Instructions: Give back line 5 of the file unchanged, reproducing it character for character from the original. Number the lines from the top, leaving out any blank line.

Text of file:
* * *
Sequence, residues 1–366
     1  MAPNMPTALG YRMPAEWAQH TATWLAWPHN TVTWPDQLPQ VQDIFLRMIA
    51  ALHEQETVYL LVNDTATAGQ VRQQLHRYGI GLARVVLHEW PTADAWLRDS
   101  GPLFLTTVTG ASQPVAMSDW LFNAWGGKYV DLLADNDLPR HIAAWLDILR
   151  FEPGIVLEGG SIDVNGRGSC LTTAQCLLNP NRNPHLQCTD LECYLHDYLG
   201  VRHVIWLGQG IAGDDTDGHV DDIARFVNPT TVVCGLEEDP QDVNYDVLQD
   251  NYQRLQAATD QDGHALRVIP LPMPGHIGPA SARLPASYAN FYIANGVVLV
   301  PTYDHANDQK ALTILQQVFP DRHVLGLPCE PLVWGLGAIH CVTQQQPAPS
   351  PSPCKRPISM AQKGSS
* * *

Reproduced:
   151  FEPGIVLEGG SIDVNGRGSC LTTAQCLLNP NRNPHLQCTD LECYLHDYLG